By: Ellen Simon
Kemp Burdette hopscotched the world, before returning to devote his life to standing up for his hometown river.
By Ellen Simon.
Photos by ©Colby Katz, courtesy of Culture Trip.
Kemp Burdette is showing a visitor a stretch of the Black River – blackwater rich with spider lily, otter, flocks of anhinga, and personal history.
That listing wreck of a houseboat? He and his dad lived on it when Kemp was in his teens.
That gutted house on stilts, stripped to the studs after the river rose 20 feet following Hurricane Florence in September 2018? His dad, an Army Corps of Engineers carpenter, built it 25 years ago. Those beams? Kemp made them from wood salvaged from a decommissioned dam. That thick-forested swampy island, the one you could kayak around in 10 minutes, with land solid enough for maybe a couple of tent platforms? His dad bought it as a gift for Kemp when he turned 21.
That stench? That’s brand new. It might be chicken waste; industrial-sized poultry operations have opened in the Cape Fear watershed only recently.
Spend time listening to almost any Waterkeeper and you can start scripting a movie, based on a true story. The one on Kemp Burdette, North Carolina’s Cape Fear Riverkeeper, would be a doozy.
First, there’s the Cape Fear River, with 6,500 miles of tributaries, enough to stretch from its mouth, just east of Wilmington, N.C., to Baghdad. Its watershed is larger than New Jersey, and encompasses everything from the Black River’s swamps, which are home to the world’s oldest cypress tree, to ditched streams inching out of huge industrial hog operations. And it’s threatened by almost every water problem in the world.
Developers are gobbling wetlands and spitting out strip malls. Dredging and sea level rise have resulted in increased salinity, which is killing stands of cypress, leaving behind ghost forests of dead trees. A DuPont spin-off spent four decades secretly releasing a toxic compound called GenX just upstream from the intake pipe for Wilmington’s drinking water.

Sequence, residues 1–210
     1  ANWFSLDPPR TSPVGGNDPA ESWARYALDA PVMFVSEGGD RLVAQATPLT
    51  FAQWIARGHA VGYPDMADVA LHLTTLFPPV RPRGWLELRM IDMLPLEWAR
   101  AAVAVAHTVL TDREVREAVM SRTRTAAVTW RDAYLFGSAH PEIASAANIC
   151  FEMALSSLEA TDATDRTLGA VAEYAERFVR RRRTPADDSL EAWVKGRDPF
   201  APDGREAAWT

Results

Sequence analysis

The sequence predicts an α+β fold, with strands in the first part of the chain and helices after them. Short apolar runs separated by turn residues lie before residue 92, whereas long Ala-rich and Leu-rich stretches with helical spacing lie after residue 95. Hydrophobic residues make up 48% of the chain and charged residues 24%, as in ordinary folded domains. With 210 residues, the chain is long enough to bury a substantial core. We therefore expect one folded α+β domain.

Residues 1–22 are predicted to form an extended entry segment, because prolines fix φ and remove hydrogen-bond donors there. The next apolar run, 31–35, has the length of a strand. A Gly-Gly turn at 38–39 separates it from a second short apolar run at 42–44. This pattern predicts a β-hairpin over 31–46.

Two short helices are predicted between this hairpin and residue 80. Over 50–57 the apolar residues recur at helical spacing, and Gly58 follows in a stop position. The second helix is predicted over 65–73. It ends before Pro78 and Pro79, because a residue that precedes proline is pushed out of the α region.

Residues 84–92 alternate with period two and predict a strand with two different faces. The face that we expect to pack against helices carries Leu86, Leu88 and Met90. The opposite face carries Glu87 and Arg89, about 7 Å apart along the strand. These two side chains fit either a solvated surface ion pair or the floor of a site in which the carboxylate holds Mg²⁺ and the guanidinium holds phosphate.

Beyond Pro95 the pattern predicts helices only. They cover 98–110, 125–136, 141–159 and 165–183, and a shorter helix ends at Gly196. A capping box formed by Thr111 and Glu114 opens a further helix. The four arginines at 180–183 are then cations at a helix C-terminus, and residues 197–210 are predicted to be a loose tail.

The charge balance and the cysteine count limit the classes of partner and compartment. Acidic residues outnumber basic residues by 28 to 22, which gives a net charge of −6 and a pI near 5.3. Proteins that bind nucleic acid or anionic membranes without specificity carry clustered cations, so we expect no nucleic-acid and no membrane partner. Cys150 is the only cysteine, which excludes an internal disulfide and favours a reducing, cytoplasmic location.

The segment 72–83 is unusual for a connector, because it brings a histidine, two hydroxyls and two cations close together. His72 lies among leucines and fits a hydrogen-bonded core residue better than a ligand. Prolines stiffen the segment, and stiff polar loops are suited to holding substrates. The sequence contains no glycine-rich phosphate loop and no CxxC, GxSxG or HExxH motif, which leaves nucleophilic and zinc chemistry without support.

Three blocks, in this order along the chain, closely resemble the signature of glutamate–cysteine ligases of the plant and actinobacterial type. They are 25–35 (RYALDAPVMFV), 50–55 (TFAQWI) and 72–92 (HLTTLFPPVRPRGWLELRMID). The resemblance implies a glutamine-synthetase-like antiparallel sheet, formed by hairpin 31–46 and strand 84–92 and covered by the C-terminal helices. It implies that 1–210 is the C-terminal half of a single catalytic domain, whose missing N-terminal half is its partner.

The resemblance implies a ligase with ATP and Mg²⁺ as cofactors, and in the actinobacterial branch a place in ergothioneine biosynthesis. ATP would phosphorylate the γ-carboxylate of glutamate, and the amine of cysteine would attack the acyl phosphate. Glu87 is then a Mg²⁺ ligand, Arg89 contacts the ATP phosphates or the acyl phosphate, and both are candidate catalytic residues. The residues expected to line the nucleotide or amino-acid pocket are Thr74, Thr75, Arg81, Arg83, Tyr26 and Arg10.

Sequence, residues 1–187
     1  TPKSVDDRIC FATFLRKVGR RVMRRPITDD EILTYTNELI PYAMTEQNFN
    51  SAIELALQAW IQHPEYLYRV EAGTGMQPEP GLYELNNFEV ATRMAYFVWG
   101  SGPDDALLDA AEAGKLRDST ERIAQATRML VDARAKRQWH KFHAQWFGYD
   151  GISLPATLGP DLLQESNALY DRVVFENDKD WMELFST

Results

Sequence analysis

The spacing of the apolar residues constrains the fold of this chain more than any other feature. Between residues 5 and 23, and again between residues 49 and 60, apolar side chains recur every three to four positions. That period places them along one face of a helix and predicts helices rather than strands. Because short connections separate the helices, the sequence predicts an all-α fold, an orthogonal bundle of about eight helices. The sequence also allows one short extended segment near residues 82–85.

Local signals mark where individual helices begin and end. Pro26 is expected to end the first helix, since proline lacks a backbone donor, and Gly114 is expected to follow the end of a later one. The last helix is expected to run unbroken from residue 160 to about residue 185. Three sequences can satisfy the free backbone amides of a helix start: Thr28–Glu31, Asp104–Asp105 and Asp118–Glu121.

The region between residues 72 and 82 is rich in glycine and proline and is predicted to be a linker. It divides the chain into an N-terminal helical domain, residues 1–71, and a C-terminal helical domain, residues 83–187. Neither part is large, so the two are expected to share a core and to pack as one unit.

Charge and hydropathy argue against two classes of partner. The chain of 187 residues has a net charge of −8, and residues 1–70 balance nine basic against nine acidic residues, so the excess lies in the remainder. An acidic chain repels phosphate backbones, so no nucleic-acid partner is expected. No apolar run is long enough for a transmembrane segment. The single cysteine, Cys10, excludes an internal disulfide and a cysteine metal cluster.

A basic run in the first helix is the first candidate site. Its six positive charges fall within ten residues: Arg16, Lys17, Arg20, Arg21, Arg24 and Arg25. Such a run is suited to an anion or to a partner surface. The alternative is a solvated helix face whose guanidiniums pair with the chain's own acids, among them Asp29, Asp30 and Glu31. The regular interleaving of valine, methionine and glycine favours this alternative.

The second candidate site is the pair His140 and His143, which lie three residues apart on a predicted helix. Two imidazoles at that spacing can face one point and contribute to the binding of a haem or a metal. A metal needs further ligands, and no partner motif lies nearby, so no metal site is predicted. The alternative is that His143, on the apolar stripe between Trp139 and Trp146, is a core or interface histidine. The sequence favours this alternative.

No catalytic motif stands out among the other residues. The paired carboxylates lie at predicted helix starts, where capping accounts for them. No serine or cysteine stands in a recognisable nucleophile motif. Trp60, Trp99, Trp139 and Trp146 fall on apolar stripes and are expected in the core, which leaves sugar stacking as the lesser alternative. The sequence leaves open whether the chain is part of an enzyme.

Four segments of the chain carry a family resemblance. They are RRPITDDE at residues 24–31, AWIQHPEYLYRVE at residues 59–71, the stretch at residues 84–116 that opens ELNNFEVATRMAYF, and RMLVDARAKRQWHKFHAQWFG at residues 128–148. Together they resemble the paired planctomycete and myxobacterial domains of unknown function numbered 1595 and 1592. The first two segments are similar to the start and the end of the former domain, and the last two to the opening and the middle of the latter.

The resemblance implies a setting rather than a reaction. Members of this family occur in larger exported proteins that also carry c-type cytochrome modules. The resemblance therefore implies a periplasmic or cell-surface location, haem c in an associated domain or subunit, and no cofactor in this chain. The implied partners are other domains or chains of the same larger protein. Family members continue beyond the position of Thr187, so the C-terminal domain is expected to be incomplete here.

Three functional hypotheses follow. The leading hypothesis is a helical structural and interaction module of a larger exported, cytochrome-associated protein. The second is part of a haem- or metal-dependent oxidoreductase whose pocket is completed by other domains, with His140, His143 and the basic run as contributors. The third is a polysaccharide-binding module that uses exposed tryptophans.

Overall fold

No watershed in the world has a higher density of industrial pork-growers than the Cape Fear, where five million hogs live cheek-to-rump. These crowded, foul-smelling operations are to the idyllic red-barn family farm what a multinational steel smelter is to a blacksmith shop. All the pigs and all their poop are crammed onto the area’s hurricane-prone floodplain. The nearly 500 million gallons of waste is stored, untreated, in Olympic-swimming-pool sized open-air cesspools. Breached, overflowing cesspools are accidents that have already happened, and are waiting to happen again. After Hurricane Florence, Kemp says, “The river stunk for a month. Stunk so bad, you could barely walk in downtown Wilmington. Dead fish were everywhere.”
A ballooning poultry industry, its chickens and turkeys crammed into barns every bit as crowded as the hogs’, is also infesting the watershed, operating under such scant state regulation that government agencies don’t even know where the poultry barns are.
Then, there’s the movie’s protagonist, Kemp.
Navy rescue swimmer, Fulbright Scholar, Peace Corps volunteer, Kemp Burdette has swum the waters of the Marianas Trench, helped save the crew of a burning Japanese fishing boat, and helped uncover illegal dumping by Duke Energy, America’s largest utility, with the aid of video shot on a mobile phone wrapped in the cover of a Bible.
If this makes you envy him, consider: he’s genuinely nice and rather modest, slightly reserved, unflappable. He coaches his two daughters’ soccer teams; chops basil when his lady friend, Krissy Kasserman, National Factory Farms Campaigner at Food & Water Watch, makes pizza, and fights like a water moccasin to protect the Cape Fear and its tributaries. To prepare for these fights, he works out at 6 a.m. each day at a YMCA and watches Bruce Lee movies, where one wiry guy calmly takes on 50.
“After Hurricane Florence, the river stunk for a month. Stunk so bad, you could barely walk in downtown Wilmington. Dead fish were everywhere.”
If Kemp were an adult character in a novel, he’d be Carl Hiassen’s swamp-smart eco-warrior, Skink. If he were a child character, he’d be Huck Finn. On a TV news program, he’d be introduced by Rachel Maddow.
In fact, he was. She remarked, “I do not say this often, but check this guy out. His name is Kemp Burdette. Kemp Burdette, he`s a Riverkeeper…”
THE BLACK RIVERKEEPER